As noted, Sanders and Trump share exactly this hostility and proneness. And despite being seen as political opposites, their distinct views converge in the idea that resources are “ours” as a nation and that it is the president’s job (and the state’s more generally) to direct them in the national interest. For Trump, that interest is “making America great again” and making sure we “beat” the Chinese. For Sanders, that interest is the attempt to protect “the working class” against the predation of two different enemies: the 1 percent and foreign firms and workers, all of whom are destroying our industries and human resources.

All of this fear of uncontrolled change and economic nationalism is in sharp contrast with the position of what Hayek calls “liberalism” or what we might call “classical liberalism” or “libertarianism.” In that same essay, Hayek said of classical liberalism, “The liberal position is based on courage and confidence, on a preparedness to let change run its course even if we cannot predict where it will lead.”

This is why classical liberalism rejects the idea that the path toward progress entails electing the right people (the “decent men”) and the cult of personality that frequently accompanies that idea, as we’ve seen with Trump and Sanders. Classical liberalism understands how, under the right rules and institutions, progress for all is the unintended outcome of allowing each to pursue their own values and ends with an equal respect for others to do the same, regardless of which side of an artificial political boundary they reside on.

If we want to live in peace, prosperity, and cooperation, we need to recognize that progress is a product of unpredictable, uncontrolled, and uncontrollable change.

Trump and Sanders can stand on their porches telling us to get off their lawn, but we’re going to do it in an Uber imported from Asia and driven by a nonunionized immigrant, because we classical liberals welcome the change they fear.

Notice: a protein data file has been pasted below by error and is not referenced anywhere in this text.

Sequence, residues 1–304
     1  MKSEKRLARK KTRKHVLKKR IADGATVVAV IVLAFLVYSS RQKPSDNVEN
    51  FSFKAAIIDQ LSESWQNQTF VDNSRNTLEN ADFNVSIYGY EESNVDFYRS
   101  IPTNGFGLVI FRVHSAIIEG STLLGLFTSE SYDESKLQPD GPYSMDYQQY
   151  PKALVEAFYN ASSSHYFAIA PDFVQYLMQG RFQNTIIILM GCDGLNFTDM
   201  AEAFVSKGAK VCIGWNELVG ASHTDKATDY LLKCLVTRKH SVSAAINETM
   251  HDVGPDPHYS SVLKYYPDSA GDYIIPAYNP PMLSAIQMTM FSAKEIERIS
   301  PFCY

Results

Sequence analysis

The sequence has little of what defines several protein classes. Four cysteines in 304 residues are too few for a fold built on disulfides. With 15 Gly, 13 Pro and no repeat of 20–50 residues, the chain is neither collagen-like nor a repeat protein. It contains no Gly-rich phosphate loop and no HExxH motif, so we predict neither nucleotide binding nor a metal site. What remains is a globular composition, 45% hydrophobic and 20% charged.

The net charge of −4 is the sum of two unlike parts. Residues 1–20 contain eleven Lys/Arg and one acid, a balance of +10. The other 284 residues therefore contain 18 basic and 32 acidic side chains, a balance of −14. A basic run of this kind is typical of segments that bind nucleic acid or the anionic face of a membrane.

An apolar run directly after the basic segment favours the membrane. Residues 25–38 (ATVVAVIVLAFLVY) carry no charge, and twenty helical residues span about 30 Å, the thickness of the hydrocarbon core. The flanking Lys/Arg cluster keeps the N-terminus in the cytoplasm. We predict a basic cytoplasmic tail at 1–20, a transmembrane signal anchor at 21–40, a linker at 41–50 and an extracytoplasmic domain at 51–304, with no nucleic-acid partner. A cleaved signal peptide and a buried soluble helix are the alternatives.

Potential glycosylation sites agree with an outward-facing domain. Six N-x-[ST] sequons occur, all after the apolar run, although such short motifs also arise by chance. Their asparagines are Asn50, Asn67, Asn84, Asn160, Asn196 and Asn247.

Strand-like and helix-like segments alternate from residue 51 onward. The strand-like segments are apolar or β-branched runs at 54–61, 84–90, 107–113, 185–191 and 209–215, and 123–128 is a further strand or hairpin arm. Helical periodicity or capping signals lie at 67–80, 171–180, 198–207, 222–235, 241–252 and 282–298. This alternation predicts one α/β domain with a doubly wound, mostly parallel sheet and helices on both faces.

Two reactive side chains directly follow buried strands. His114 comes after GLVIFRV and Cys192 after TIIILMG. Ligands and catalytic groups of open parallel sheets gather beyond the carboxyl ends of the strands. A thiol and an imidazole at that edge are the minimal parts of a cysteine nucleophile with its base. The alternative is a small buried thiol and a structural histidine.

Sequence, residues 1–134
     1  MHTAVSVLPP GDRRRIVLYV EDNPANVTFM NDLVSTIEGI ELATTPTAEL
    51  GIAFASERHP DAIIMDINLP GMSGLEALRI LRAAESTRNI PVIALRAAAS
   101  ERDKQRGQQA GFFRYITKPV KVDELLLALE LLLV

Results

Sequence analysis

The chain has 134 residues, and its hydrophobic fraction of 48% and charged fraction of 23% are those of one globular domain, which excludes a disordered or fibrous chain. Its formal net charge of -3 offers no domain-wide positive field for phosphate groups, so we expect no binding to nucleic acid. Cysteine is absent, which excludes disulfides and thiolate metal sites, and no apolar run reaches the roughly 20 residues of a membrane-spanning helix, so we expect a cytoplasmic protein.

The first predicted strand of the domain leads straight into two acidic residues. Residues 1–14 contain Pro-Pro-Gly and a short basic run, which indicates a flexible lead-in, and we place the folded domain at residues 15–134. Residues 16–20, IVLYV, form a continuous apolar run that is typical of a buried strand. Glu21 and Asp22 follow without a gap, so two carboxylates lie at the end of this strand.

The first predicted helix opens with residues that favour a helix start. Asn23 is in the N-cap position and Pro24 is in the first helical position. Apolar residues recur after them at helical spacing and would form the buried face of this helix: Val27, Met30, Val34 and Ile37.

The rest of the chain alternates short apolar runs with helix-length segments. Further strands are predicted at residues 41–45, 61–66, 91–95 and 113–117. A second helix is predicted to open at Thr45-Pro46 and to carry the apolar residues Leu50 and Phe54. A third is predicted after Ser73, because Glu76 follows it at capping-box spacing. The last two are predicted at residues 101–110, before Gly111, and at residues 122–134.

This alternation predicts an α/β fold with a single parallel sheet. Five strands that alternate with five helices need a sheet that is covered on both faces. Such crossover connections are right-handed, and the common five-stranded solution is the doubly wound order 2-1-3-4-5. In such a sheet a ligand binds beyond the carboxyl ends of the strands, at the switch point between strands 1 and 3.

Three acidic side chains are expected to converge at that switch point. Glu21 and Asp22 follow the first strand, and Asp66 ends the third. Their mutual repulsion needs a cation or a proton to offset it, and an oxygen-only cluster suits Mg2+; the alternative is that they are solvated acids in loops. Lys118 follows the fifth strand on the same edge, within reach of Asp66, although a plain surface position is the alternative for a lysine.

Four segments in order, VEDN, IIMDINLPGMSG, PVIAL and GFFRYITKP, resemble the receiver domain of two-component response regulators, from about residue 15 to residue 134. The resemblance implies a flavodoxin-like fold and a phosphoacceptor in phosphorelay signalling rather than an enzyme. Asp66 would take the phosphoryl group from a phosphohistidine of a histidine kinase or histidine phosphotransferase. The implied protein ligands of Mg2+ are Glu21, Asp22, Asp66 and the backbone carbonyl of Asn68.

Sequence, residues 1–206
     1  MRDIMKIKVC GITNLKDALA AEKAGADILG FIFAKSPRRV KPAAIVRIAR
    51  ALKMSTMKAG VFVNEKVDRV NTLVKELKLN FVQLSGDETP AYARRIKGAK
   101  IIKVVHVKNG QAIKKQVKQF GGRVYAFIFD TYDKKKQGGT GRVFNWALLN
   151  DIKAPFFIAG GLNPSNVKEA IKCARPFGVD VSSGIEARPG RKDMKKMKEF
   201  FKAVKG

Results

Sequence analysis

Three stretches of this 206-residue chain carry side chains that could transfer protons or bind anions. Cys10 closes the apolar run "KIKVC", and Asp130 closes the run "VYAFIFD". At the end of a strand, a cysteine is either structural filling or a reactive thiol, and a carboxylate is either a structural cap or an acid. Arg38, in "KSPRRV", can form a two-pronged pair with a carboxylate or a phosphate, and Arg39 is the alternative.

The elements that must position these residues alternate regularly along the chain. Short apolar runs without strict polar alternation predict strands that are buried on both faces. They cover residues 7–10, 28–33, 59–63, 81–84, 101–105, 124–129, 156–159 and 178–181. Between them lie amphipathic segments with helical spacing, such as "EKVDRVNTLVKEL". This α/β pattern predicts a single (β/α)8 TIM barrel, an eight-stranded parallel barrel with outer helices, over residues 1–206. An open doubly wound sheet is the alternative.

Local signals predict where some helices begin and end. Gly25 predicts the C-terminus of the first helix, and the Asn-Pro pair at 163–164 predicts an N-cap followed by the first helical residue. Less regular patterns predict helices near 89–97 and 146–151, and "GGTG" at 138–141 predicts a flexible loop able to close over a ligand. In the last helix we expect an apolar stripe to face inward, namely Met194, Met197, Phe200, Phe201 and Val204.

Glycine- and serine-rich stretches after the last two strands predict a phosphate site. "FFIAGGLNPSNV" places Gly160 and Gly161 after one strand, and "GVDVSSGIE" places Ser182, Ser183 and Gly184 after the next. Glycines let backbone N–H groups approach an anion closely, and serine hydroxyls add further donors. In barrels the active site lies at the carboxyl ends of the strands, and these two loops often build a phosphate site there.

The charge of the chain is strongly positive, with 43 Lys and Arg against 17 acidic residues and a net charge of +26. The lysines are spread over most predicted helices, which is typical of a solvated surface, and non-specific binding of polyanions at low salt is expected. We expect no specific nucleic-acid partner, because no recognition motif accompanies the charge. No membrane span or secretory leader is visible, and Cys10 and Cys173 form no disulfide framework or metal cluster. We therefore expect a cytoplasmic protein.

Steven Horwitz is the Charles A. Dana Professor of Economics at St. Lawrence University and the author of Hayek’s Modern Family: Classical Liberalism and the Evolution of Social Institutions. He is a member of the FEE Faculty Network.

This article was published by The Foundation for Economic Education and may be freely distributed, subject to a Creative Commons Attribution 4.0 International License, which requires that credit be given to the author.

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No, Mr. Trump, Victims of Eminent Domain Do Not “Get a Fortune” – Article by George C. Leef

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Categories: Economics, Justice, Tags: , , , , , , , , , ,

The New Renaissance HatGeorge C. Leef
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Trump’s huge mistake about eminent domain

During the debate among Republican presidential candidates last month, Jeb Bush hammered Donald Trump on his abuse of eminent domain. But Trump apparently sees nothing wrong in having government officials force people to sell their property.

Trump replied,

Eminent domain is an absolute necessity for a country, for our country. Without it, you wouldn’t have roads, you wouldn’t have hospitals, you wouldn’t have anything. You would have schools, you wouldn’t have bridges.

And what a lot of people don’t know because they were all saying, oh, you’re going to take their property. When somebody — when eminent domain is used on somebody’s property, that person gets a fortune. They at least get fair market value, and if they’re smart, they’ll get two or three times the value of their property.

This last assertion led George Mason law professor Ilya Somin (an expert on eminent domain) to quip at the Volokh Conspiracy, “If eminent domain really were a good way to make a fortune, the Donald Trumps of the world would be lobbying the government to condemn their property. But that rarely, if ever, happens.”

Put aside Trump’s hyperbole about the supposed impossibility of schools, hospitals, and bridges without eminent domain. What I want to focus on is his claim that eminent domain is not objectionable because people who have their property taken make out just fine financially.

That claim is simply indefensible. The truth is that people who lose their property to eminent domain proceedings are almost never made whole.